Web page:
The two living rooms used for the study, "The Environmental Impact of Automatic Fire Sprinklers," conducted at FM Global's 1,600-acre research campus, were nearly identical. The only difference was that one room was outfitted with a quick-response sprinkler. In both tests, firefighters ignited a blaze in a magazine rack near the corner of each room and stood-by to respond in 10 minutes (based on a typical response time that includes alarm notification, arrival, and set-up).
The Environmental Impact of Automatic Fire Sprinklers
FM Global and the Home Fire Sprinkler Coalition, April 2010
The findings of a groundbreaking study show that greenhouse gases released by burning buildings can be reduced by 98 percent when automatic fire sprinklers are installed. The study, a collaborative effort by FM Global and the Home Fire Sprinkler Coalition, also found that automatic fire sprinklers: reduce fire damage by up to 97 percent; reduce water usage to fight a home fire by upwards of 90 percent; and reduce the amount of water pollution released into the environment. Download "The Environmental Impact of Automatic Fire Sprinklers" study from the FM Global web site.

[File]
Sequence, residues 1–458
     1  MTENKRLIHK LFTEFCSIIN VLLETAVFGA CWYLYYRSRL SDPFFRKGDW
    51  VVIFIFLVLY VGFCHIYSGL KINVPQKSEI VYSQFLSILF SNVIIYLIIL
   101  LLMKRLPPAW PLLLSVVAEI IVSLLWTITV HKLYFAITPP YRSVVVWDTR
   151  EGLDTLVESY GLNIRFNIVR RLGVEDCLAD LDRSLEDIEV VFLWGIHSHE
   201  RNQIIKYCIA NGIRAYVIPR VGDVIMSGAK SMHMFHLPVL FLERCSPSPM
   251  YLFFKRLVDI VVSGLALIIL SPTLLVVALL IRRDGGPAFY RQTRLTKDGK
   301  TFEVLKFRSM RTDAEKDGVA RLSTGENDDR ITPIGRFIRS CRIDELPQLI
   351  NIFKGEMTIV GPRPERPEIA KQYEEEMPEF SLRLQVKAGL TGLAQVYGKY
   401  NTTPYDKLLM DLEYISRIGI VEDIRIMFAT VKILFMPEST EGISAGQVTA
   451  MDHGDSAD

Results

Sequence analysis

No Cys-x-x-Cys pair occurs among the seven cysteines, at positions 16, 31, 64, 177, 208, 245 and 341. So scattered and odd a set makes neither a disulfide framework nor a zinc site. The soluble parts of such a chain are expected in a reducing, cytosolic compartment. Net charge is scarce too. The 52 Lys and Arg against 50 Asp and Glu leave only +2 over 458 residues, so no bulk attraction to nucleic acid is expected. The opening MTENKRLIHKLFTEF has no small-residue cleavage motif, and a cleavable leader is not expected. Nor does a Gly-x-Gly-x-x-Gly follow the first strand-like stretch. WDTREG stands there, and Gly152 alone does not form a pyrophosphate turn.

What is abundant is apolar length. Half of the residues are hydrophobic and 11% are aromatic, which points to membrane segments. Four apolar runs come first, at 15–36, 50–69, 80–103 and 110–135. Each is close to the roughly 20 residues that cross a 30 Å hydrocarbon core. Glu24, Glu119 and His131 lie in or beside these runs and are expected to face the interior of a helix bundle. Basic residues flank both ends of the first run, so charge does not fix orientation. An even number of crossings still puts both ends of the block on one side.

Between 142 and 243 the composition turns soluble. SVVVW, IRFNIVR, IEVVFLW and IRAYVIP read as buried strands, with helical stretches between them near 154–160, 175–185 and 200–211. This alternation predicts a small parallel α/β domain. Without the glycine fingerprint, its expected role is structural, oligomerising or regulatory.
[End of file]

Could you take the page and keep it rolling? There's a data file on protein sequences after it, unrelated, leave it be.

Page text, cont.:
Details about the FM Global study
Two, 15x20 foot living rooms, each furnished with a flat-screen television, comfortable furniture, and bookshelves and family photos, were set on fire in October 2009 in West Glocester, Rhode Island, as part of a research project that looked at the environmental impact of home fires.
The project, a collaborative effort of FM Global and the Home Fire Sprinkler Coalition, studied:
- the types, quantity, and duration of air and water pollutants released from a home fire as well as the water usage from fire sprinklers and firefighters’ hoses
- the environmental impact resulting from burning household furnishings and finish materials as well as disposing the fire-damaged contents of a home
- the carbon footprint associated with rebuilding a burnt home
See NFPA's complete set of photos from the FM Global test burn on October, 1, 2009.